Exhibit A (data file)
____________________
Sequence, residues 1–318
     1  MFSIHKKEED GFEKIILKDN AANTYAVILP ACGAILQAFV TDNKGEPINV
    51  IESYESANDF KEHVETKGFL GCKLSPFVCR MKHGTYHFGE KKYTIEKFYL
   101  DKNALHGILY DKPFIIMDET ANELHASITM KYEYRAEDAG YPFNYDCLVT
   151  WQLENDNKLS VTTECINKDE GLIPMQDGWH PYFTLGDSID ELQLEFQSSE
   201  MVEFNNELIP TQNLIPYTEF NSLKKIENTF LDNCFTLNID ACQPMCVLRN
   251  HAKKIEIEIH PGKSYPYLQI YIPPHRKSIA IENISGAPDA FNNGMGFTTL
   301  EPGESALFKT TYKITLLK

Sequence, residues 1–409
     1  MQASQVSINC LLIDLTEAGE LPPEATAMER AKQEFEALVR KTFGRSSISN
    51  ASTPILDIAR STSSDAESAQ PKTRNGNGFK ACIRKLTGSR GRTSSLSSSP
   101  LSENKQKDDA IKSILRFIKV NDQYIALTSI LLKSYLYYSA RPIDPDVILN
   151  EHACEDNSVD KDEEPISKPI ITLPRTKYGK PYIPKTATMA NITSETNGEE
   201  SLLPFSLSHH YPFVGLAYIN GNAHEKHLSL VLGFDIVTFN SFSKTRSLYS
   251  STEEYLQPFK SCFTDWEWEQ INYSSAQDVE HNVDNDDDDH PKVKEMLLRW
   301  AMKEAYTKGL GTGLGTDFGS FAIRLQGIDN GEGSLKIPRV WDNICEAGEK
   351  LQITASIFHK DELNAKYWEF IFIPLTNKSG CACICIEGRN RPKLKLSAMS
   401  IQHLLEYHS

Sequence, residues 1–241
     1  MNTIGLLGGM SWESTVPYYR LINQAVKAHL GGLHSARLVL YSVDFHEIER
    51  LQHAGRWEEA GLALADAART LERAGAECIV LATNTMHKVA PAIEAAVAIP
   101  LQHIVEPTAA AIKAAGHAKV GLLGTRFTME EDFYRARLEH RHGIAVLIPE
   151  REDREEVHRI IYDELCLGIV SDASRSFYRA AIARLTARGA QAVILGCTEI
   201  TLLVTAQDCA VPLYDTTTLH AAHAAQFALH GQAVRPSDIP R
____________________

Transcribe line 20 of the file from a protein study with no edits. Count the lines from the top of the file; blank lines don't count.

     1  MNTIGLLGGM SWESTVPYYR LINQAVKAHL GGLHSARLVL YSVDFHEIER